Tai­wan in­au­gu­rates first fe­male pres­i­dent amid warn­ings from China

The African - - POT POURRI - BY NEIL CON­NOR

Tai­wan on Fri­day in­au­gu­rated as its first fe­male Pres­i­dent Tsai Ing-wen, a can­di­date from the pro-In­de­pen­dence Demo­cratic Pro­gres­sive Party, ush­er­ing in what has been called in China a new “era of un­cer­tainty”. Ms Tsai took the oath of of­fice at the pres­i­den­tial palace in Taipei af­ter win­ning a land­slide vic­tory in Jan­uary on a wave of an­tiChina sen­ti­ment as the is­land faces eco­nomic head­winds.

Bei­jing-scep­tic Tsai raised her right arm as she read the oath in front of Tai­wan’s na­tional flag and a por­trait of Sun Yat-sen, who founded the Repub­lic of China be­fore its govern­ment fled to Tai­wan as the Com­mu­nists seized power in 1949.

China claims Tai­wan and says it will one day be re­united with the main­land – by force if nec­es­sary. It car­ried out military ex­er­cises on its south­ern coast, across the strait from Tai­wan, ear­lier this month.

Bei­jing has warned that del­i­cate re­la­tions be­tween the sides will suf­fer un­less Ms Tsai ex­plic­itly en­dorses China’s stance that the is­land and the main­land are part of a sin­gle Chi­nese na­tion.

Ms Tsai has avoided do­ing so, but has promised to main­tain the “sta­tus quo” be­tween the two sides. Fol­low­ing her in­au­gu­ra­tion she said Tai­wan would help main­tain peace and sta­bil­ity with China.

“The two gov­ern­ing par­ties across the strait must set aside the bag­gage of his­tory, and en­gage in pos­i­tive di­a­logue, for the ben­e­fit of the peo­ple on both sides,” she said out­side the pres­i­den­tial of­fice in Taipei af­ter be­ing sworn in.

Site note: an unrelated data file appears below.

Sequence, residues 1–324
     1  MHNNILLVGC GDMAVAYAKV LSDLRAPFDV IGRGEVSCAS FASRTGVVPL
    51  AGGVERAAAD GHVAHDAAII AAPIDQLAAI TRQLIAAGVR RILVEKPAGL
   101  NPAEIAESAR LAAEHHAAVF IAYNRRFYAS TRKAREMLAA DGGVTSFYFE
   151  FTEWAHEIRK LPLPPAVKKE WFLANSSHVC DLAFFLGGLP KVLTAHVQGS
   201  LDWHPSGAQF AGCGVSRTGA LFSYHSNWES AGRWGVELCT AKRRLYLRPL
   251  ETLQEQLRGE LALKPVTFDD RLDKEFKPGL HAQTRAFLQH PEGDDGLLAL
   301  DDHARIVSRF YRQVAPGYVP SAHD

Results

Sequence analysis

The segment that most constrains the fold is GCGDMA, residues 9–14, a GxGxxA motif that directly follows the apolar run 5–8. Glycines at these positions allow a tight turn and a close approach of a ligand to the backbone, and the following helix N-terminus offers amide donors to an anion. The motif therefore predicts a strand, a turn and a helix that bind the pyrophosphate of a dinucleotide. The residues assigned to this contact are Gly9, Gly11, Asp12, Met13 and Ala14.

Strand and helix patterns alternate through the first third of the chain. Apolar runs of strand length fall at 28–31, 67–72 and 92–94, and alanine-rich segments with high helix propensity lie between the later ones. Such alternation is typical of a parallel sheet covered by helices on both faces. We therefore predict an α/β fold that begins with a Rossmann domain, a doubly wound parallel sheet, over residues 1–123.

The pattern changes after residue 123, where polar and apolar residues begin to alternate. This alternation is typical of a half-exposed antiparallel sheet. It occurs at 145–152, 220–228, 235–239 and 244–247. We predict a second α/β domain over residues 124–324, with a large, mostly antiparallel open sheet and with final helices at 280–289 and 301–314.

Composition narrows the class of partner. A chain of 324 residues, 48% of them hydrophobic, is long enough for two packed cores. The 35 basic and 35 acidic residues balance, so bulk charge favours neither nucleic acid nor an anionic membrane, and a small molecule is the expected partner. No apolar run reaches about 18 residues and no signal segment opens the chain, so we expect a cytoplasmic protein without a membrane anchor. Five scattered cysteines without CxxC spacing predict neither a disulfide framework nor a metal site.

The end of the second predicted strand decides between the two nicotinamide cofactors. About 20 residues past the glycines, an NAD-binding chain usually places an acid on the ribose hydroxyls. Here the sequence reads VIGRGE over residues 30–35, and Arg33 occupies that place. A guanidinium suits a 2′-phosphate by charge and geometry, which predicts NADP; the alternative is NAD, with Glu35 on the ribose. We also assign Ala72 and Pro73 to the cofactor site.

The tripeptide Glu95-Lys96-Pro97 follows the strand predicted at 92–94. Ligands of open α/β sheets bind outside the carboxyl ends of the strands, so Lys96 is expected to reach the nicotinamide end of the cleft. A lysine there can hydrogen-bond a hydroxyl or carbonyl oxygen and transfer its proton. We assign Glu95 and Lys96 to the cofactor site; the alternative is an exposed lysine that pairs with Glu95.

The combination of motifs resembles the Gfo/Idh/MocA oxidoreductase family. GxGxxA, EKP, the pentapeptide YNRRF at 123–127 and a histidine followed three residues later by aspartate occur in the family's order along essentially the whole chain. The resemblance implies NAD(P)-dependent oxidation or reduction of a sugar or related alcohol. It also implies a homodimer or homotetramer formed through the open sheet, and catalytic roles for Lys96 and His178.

Tai­wan elects first fe­male pres­i­dent in de­fi­ance of China warn­ing Play! 01:03

The in­au­gu­ra­tion was largely snubbed in Chi­nese me­dia, but a com­men­tary in the na­tion­al­ist Global Times on Fri­day said it marked “a new era for a crossS­traits re­gion that is char­ac­ter­ized by un­cer­tainty.”

“Cer­tain peo­ple are still hold­ing on to the fan­tasy that ‘soft in­de­pen­dence’ might be work­able,” said the pa­per, which has close links to the Com­mu­nist Party.

“Per­haps a new round of con­tention is in­evitable to com­pletely drive the topic of Tai­wan in­de­pen­dence away while mak­ing the one-China prin­ci­ple the one and only start­ing point to main­tain the sta­tus quo.”

J Michael Cole, a Tai­wan ex­pert from the Univer­sity of Not­ting­ham’s China pol­icy in­sti­tute, said that Ms Tsai and the Tai­wanese peo­ple “have no de­sire for a hos­tile re­la­tion­ship with China, nor do they deny its ex­is­tence.”

He said any fric­tion be­tween the two sides would re­sult from Bei­jing putting pres­sure on Tai­wan to com­ply with its wishes.

“What­ever un­cer­tainty en­sues as a re­sult of her elec­tions will be caused not by Taipei, but by Bei­jing,” the Taipei-based aca­demic told The Tele­graph.

“The ball is there­fore in its camp. The Tai­wanese peo­ple have spo­ken and it has spo­ken loudly. It’s up to Bei­jing to ac­cept, and adapt to re­al­ity.”

Tai­wan’s new Pres­i­dent Tsai Ing-wen with her VP Chen Chien-jen, right, dur­ing her in­au­gu­ra­tion cer­e­mony in Taipei last week.

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